Norfolk tends to have a reputation of being a bit behind the times compared to the rest of the UK, especially thanks to the rural atmosphere, old houses and lack of motorways. In fact, they still travel on steam trains here! Read on to discover how to experience the best of the old fashioned North Norfolk coast.

Riding on the North Norfolk Railway

It’s true, you can still travel by steam train in Norfolk. That’s because between the towns of Holt, Weybourne and Sheringham, lies a so-called heritage railway, where you can travel back in time – quite literally if you’re heading towards Sheringham.

North Norfolk Railway

Starting your journey from Holt is best, as the station has a free car park (they ask for a £1 donation, so that depends on your moral compass), and is slightly easier to get to than going straight to Sheringham.

As a historic Georgian-era town, Holt has a handful of attractions you may want to visit including a castle, military museum and several churches, however the town centre is a bit of a walk from the station itself. Despite being a heritage railway, the station isn’t actually original – the first station was bulldozed to make way for the A148. As a result, the new station is on the outskirts of the town, so we decided to hop straight on the waiting train instead of trekking into town.

The train itself is a far cry from modern rail travel – no delays, disruptive drunks, and plenty of seats available. The only downside was the £12 for a 10 mile round trip wasn’t exactly cheap, but the railway itself is basically a huge museum and it’s not exactly cheap to run these old trains.

Slight overkill for travelling at 25 mph?
Slight overkill for travelling at 25 mph?

The carriages themselves may have been over 60 years old, but they were more comfortable and nicer to be in than modern trains. The carriage walls were panelled with wooden veneers, adding a touch of class, and the seats all lined up alongside huge windows unlike today’s trains, so no matter where you sat you’d get a great view of the coastal landscape. Even the toilets were good – unlike today’s vandalised aluminium contraptions, the ones on this train looked like they were taken straight from your gran’s house.

After chugging down the tracks at a leisurely 25 mph you’ll reach Weybridge, where you can get off and explore the countryside, or instead stay on and head straight to Sheringham at the other end of the line.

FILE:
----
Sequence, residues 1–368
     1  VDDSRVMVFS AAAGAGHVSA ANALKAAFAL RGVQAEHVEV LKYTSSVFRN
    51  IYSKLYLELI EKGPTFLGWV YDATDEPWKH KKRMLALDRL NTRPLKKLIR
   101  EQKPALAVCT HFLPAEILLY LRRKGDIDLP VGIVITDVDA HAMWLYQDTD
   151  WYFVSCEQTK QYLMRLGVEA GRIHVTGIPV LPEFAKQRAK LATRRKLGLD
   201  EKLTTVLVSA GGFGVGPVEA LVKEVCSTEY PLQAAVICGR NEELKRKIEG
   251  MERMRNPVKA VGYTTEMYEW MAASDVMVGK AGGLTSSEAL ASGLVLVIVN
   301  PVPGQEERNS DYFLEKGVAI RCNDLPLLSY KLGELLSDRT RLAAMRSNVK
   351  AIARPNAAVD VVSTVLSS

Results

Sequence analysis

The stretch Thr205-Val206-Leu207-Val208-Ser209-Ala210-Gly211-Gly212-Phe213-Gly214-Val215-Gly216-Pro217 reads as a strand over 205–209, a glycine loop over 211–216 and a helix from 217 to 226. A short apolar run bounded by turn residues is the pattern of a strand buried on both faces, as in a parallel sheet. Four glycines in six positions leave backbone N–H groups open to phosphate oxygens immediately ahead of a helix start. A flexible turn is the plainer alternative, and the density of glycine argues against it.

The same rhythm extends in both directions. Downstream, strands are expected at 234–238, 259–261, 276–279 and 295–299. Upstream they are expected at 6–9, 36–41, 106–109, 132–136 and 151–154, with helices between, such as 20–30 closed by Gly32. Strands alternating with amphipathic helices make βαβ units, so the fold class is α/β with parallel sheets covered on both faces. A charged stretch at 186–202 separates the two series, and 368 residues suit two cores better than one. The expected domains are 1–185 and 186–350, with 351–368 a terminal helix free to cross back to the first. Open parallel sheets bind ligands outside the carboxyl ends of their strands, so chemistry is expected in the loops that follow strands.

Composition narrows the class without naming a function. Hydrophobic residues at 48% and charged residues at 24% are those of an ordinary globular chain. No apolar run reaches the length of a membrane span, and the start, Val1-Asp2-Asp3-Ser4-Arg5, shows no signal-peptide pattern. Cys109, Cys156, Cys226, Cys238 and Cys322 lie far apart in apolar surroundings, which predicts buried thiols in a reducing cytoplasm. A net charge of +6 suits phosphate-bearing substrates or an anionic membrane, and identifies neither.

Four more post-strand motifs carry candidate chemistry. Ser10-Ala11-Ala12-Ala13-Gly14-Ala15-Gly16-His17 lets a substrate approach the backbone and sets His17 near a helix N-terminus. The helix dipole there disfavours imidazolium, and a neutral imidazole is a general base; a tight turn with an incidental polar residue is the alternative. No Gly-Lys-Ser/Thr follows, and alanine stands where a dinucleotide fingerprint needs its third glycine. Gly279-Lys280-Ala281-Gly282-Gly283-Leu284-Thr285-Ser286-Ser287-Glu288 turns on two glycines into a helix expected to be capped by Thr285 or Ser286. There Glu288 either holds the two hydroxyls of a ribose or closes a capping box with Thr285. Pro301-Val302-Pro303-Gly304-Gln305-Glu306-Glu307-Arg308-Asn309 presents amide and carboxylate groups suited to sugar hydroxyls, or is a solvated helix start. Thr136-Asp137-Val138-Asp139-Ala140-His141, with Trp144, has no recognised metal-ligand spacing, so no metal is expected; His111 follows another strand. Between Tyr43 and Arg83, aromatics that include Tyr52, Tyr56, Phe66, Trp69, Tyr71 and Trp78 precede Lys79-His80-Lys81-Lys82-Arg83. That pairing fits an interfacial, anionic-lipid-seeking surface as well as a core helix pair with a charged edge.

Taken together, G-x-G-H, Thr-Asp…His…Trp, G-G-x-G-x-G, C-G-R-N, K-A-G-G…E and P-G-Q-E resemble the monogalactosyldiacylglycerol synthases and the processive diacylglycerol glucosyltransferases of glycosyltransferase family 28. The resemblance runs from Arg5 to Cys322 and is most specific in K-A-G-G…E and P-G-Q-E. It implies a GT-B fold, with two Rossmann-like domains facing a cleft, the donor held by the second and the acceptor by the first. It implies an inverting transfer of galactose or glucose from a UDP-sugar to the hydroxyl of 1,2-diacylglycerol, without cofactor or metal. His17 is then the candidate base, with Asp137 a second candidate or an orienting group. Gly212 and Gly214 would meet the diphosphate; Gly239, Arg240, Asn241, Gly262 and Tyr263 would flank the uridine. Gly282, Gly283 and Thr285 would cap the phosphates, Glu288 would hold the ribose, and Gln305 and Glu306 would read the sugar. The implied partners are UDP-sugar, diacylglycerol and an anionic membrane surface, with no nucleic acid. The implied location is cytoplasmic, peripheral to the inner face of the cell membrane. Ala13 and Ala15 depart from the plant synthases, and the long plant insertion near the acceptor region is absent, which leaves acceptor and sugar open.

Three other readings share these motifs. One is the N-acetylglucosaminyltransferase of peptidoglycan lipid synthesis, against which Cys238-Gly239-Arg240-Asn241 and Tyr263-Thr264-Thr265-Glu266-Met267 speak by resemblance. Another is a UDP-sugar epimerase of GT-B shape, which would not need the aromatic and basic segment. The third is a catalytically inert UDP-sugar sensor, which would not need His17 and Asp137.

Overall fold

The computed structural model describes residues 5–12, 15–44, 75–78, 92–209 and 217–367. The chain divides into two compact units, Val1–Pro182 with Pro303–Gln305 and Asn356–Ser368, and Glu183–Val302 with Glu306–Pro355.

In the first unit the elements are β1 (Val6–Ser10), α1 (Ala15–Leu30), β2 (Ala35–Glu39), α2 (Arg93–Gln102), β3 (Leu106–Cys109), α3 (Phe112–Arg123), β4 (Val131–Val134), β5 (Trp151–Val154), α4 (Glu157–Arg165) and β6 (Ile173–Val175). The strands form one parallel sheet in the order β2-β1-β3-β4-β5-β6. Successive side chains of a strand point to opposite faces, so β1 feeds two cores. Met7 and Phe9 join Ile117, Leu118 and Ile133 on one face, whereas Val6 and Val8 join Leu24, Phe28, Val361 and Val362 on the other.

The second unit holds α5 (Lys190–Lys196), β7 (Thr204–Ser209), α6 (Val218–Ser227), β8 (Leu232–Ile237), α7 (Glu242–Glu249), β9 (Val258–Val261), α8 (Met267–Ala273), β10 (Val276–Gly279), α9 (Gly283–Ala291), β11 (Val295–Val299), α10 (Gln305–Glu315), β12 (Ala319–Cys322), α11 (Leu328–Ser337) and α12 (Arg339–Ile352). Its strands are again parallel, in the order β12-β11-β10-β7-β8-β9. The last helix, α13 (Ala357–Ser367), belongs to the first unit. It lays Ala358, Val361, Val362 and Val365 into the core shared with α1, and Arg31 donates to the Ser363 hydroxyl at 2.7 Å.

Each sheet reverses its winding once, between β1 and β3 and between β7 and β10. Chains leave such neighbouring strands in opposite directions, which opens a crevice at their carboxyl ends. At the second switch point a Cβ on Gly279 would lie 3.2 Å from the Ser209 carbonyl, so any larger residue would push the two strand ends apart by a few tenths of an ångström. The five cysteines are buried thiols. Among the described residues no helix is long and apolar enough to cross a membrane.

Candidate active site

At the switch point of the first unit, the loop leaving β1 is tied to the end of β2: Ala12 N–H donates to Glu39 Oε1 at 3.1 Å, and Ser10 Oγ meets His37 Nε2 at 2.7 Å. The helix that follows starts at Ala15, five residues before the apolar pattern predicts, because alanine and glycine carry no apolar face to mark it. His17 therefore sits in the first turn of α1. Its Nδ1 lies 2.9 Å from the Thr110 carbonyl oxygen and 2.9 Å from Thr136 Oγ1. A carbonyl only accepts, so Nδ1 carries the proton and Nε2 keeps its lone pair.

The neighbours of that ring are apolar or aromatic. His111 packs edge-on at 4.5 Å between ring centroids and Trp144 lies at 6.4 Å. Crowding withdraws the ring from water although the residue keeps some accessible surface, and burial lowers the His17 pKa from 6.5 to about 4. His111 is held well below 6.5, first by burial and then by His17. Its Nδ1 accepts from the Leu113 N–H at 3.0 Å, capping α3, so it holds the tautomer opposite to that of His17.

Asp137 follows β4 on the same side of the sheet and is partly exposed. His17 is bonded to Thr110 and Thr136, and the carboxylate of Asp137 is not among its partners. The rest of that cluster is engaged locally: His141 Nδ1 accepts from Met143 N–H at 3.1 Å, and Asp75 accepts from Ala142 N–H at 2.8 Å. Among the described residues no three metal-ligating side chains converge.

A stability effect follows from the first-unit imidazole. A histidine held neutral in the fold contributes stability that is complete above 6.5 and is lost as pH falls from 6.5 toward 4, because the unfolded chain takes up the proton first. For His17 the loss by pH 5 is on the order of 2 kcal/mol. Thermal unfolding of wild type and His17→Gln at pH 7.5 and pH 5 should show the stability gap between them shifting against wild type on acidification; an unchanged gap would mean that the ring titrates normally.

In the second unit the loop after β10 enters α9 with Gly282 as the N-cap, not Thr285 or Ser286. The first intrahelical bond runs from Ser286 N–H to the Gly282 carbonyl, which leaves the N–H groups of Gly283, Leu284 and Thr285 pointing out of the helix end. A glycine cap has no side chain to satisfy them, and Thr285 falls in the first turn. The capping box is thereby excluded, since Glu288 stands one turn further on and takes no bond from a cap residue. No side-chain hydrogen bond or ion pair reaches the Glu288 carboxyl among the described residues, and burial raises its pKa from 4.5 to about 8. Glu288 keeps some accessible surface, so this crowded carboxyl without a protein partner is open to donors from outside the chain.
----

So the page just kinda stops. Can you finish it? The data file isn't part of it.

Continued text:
Sheringham Station
The white one is emotional baggage

Here, you’ll discover a faithfully restored village station in the mid 1950s, complete with authentic baggage, station cafe, and even a ladies’ waiting room, which really makes you think how much times have changed!

Sheringham High Street

Exploring Sheringham

Our train pulled in around midday and so we headed straight to The Sheringham Trawler, one of the town’s most highly rated fish and chip shops, for some traditional cod and chips. The reviews were not wrong, the food here is awesome, and luckily we got in just before it started to get really busy!

Once we’d devoured two large portions, we took a short walk to the beach. Despite it being a warm 25°C day, as soon as we reached the beach, it felt like -10 due to the cold ocean breeze – this is the north sea after all! The weather has to be really hot to make it truly beach weather, so it wasn’t that busy, just a handful of brave people sheltered behind windbreaks.

Sheringham Beach
It was colder than it looks.

After strolling down the length of the beach, we headed back inland, and found that as soon as you get behind a row of houses, you’re protected from the cold breeze and so somehow it’s hot again. Following a few rounds of Time Crisis in the arcades and spending around £5 in the 2p slot machines, we headed out and grabbed a monster helping of Ronaldo’s ice cream, made from local ingredients. My double scoop helping was so large the original cone split, and so had to be doubled up. All in all, truly delicious.

Unfortunately at this point, we were running low on things to do – we couldn’t go to the pub as I’d have to drive home from Holt, so we headed back to the station and got in the next train back.

Back to Holt on the North Norfolk Railway

Once we arrived back at Holt station, we explored the small museum next to the track, which details the history of how the local holiday industry was built up 100-150 years ago thanks to the train, which was as much interesting as it was ultra nerdy.

It was now about half 4, so time to head back home and binge watch Better Call Saul.

Should you visit the North Norfolk coast?

North Norfolk is one of the most beautiful places in the UK, and not as busy as the south coast as it’s a bit more out of the way for most people. However, it’s well worth a visit, provided you follow these points:

  • Is the weather hot, and are you planning to take a dip in the sea? As we found, even on a reasonably warm 25°C day, the North Sea was way too cold at this time of year
  • Are you driving? There’s plenty of pubs, so consider taking the (regular, modern day) train from Norwich to Sheringham
  • Do you like old stuff? The North Norfolk Railway put on various events, such as themed murder mystery evenings while dining on one of their trains, as well as 1940s weekends

There’s also a lot more to see than just Sheringham, including Cromer, Holkham, Wells-Next-The-Sea and Fakenham, which you can explore by foot, bike or car depending on how lazy you are.

Whats your favourite part of the Norfolk countryside? Let us know in the comments!

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